The 148th Open will see golf’s oldest and most prestigious major return to Northern Ireland for the first time in 68 years as the world’s best golfers vie for glory at Royal Portrush.
And such is the excitement surrounding The Open leaving mainland Great Britain for only the second time, it has inspired artist Nicole Elders to create a unique piece to celebrate the occasion.
Combining her love of The Open with her passion for all things Northern Ireland, the 31-year-old from Nottinghamshire produced her own version of the iconic logo using calligraphy art.
“I’m actually an aeronautical engineer by trade and I first got interested in golf when I was looking at the shape of golf balls and the dimples on them,” she explained.
“I found it really interesting how they work but I’ve really got interested specifically this year with what The Open means, with it going to Northern Ireland for only the second time in its history.
“I got so fascinated by that and I really wanted to celebrate that which is where the piece of artwork came from. I was looking to challenge myself as I do a lot of calligraphy artwork.
“I’ve done a lot of pictures but I wanted to do something really complex around text and I loved The Open logo and the fact that it has The 148th Open at Royal Portrush in there.
“It sort of grew from there as there’s such a story around The Open and it going to Portrush, with it being only the second time ever it’s been held outside of mainland Great Britain.
“I just wanted to celebrate that and challenge myself artistically to tell that story in a piece of artwork – but it took a long time to make and a lot of that was doing research.”
Nicole’s one-off piece celebrates The Open’s long-awaited return to Northern Ireland, where Max Faulkner was crowned Champion Golfer in 1951, by re-creating the logo with lettering.
The work includes a list of Open winners and the history surrounding the Claret Jug, as well as going into detail about Northern Ireland’s golf history, places, people, phrases and slang.
“The more I read about it, the more interested I became in Northern Ireland,” she said. “I wanted not just to celebrate The Open but the place and what it means for The Open to be in Northern Ireland.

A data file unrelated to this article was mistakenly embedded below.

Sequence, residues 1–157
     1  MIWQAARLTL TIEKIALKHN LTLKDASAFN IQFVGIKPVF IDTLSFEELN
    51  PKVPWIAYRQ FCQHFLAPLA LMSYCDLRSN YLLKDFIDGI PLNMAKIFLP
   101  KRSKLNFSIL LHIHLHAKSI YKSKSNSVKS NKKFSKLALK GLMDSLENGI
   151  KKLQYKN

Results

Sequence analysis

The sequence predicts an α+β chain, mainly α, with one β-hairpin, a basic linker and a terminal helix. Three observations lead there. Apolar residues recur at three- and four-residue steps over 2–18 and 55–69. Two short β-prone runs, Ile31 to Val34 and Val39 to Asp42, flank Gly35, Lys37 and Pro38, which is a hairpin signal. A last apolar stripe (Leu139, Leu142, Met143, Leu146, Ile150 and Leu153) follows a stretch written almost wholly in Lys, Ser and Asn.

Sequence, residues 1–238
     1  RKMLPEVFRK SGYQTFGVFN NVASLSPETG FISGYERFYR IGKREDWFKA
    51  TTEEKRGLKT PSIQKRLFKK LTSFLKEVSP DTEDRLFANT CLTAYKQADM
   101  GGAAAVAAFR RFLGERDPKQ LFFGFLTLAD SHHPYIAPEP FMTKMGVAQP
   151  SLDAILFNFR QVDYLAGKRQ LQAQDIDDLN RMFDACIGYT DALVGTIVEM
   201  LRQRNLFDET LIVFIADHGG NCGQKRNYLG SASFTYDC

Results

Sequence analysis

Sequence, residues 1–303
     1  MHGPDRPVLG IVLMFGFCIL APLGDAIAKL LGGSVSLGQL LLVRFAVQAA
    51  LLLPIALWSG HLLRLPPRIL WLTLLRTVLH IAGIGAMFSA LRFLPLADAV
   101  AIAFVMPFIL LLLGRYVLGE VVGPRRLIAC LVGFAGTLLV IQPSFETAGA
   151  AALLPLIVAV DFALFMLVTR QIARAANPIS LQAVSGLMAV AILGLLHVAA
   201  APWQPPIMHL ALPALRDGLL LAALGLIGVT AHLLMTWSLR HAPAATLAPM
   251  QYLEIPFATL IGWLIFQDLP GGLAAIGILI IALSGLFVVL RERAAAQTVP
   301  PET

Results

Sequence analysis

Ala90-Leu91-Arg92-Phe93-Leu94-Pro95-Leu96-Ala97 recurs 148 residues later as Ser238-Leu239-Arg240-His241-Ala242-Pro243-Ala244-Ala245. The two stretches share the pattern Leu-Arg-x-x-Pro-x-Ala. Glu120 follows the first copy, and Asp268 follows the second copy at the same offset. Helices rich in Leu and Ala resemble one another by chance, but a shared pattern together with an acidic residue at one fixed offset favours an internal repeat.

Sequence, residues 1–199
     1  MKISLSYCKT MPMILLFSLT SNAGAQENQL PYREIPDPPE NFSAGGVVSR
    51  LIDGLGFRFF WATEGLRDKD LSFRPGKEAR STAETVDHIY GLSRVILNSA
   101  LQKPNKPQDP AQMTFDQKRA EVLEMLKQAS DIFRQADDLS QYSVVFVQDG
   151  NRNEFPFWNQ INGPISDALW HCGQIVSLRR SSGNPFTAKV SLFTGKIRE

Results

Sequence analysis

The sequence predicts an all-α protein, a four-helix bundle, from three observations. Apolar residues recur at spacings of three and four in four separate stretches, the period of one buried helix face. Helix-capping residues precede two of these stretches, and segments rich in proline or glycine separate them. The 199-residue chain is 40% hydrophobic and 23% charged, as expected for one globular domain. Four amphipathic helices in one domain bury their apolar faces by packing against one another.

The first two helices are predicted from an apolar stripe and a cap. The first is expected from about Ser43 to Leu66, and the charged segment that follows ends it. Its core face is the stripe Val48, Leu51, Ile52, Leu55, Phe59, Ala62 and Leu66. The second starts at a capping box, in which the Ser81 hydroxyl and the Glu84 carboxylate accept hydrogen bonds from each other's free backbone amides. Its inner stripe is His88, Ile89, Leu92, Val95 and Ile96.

“I've got the history of The Open in there, from the first in 1860 right through to the present day, so every location, every year and every winner, plus all the history around The Open.” artist - nicole elders
“I included the fact that the Claret Jug was commissioned in 1872 and that was only created because the Challenge Belt was won by Tom Morris Jr, who retained it after winning three in a row.
“I particularly pulled out things like 1873 when The Open was first held outside Prestwick 1894 when it was first held outside of Scotland, so I tried to celebrate that too.
“I’ve tried to pull out these other bits of history that are all worked into the piece, so that makes up the top third of the artwork, but I also wanted to work in some of the Northern Irish slang.
“The piece also includes some of the inventions that have come out of Northern Ireland, the best golfers, the top 25 Northern Irish golf courses, and all these fantastic things I wanted to include.
“It’s really a celebration of, not just The Open, but The Open coming to Royal Portrush this year. I wanted to do something that honoured The Open and this moment in time.”
And while Nicole will not be at Royal Portrush to witness more Open history, she admits she will be eagerly watching the action on TV and cheering on the hometown heroes in the field.
“I have so many friends in Northern Ireland who are so excited about what this means. It’s a bit like the Olympics coming to London. It’s a fantastic moment for golf and Northern Ireland,” she said.
“I would love to see Rory McIlroy win again this year. It’s a course he knows well and he holds the old course record at Royal Portrush, and I would love to see him emulate that.”
The artwork is being auctioned by Nicole during The Open with the inspirational Willie Gregg, who founded Willie’s Orphan Fund to support young children in Northern Ireland and overseas.
Once the artwork is sold, 50 per cent of the final price will go directly to the fund and Nicole hopes her creation will make a significant difference to the charity – as well as one lucky golf fan.
“Willie does so much great work around the world and hopefully, the piece also goes to someone who is really passionate about golf and will give it a great home,” she added.